The Return of the Light

First of all—let me get this out of the way—I’m not Jewish. That said, I do have a favorite Hanukkah song, Hanukkah Blessings by the Barenaked Ladies. It’s one that I play often this time of year as I’m decking my halls and baking my cookies. I hope my Jewish friends and readers won’t think of this as cultural appropriation but rather as cultural appreciation.

My favorite part goes like this:

How lucky are we that we
have light so we can see
although the day is done.
What a miracle that a spark
lifts these candles out of the dark.
Every evening, one by one…

That’s where the miracle is, at least in part, for me—the ability of long-ago humans to create light where none naturally existed, and the hope that such a thing must have engendered in the dark season. What must it have been like, before humans had a true understanding of astronomy, to see the sun slip further and further away at this time of year, losing light bit by bit each day? What faith did it take to believe the sun would eventually return?

Even in our artificially-lit modern world, we feel it in our bones: the harvest is over and we enter the long darkness shored up with only what we have reserved. For ancient peoples, that meant hoarding enough food to survive until the next fertile season; for us today it means preserving contact with each other through a time when our instinct is to bundle up, close ourselves off and hunker down inside until the light returns.

In days when fuel was precious, burning oil or candles just for the sake of light was a luxury, yet most cultures developed celebrations of light to sustain themselves through the winter and reassure themselves that the sun would return. Though we call them by different names—Hanukkah, Saturnalia, Christmas, KwanzaaSolstice—what they carry in common is a calling together of community to spark hope, reinforce love and cultivate joy in the darkest of times.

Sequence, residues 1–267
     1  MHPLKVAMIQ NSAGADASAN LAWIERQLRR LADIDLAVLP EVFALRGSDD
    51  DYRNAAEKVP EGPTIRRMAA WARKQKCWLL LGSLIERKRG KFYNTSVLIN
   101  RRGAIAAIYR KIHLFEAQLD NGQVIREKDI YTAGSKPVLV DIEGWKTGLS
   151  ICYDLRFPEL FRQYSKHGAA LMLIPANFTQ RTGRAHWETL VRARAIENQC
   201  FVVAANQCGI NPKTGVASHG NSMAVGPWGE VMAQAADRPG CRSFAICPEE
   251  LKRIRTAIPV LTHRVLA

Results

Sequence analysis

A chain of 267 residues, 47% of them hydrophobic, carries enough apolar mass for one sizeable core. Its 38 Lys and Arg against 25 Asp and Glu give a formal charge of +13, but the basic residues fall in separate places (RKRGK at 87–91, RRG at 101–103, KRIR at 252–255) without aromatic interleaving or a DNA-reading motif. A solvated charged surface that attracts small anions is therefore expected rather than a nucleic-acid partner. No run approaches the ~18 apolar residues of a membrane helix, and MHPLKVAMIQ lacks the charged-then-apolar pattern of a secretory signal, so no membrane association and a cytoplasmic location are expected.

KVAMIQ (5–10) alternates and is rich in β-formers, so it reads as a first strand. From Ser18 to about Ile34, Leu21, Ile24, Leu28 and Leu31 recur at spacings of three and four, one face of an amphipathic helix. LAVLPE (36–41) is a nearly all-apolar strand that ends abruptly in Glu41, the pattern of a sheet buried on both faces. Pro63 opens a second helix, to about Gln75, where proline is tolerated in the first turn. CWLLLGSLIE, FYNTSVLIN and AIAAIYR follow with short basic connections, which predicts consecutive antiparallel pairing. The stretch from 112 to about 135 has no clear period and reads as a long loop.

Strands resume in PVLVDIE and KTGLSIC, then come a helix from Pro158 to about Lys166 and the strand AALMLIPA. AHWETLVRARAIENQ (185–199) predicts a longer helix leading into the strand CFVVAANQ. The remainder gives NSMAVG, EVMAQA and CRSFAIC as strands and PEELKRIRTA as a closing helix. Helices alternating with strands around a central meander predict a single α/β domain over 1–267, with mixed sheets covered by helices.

This year’s dark season feels deeper than most. When the news is filled with reports of terrorism, intolerance and mistrust, we need the light more than ever. We need the light of understanding, peace and kindness to sustain us through these times. We need faith that the sun will soon lengthen our days again and also that humankind will find and share a greater love for each other.

As I view the lighting of the hanukiah tonight at the OFJCC, I will appreciate once again this holiday that calls us together to perform the ritual of creating light in community with others. I will carry that remembrance home when I turn on the lights strung around my Christmas tree, grateful for the faces that I see and the traditions that call us together and warm our hearts at this time of year. This is my personal talisman against dark times, dark thoughts and dark beliefs: faith in the goodness of humanity and our ability to repair and heal.

I wish you peace in this and all seasons.

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Amy Snell

Written by Amy Snell

Amy Snell was formerly the OFJCC's Senior Communications Manager. When not engaged in social media blitzing, Amy enjoys spending time exhorting her two teenage sons to do their chores, shower and study. She also noodles about in sailboat races (motto: Don't break the boat), pretends to play the ukulele, and wants to be a karaoke star when she grows up.


  1. Ethan says:


    This really spoke to me. Thank you! A different appreciation and shared enjoyment of the many types of holiday lights. It has been a tough year both in California and in colorado. Let’s hope for a more peaceful year next year

  2. Amy Snell Amy Snell says:

    Thank you, Ethan! It’s great to hear that you enjoyed reading it.

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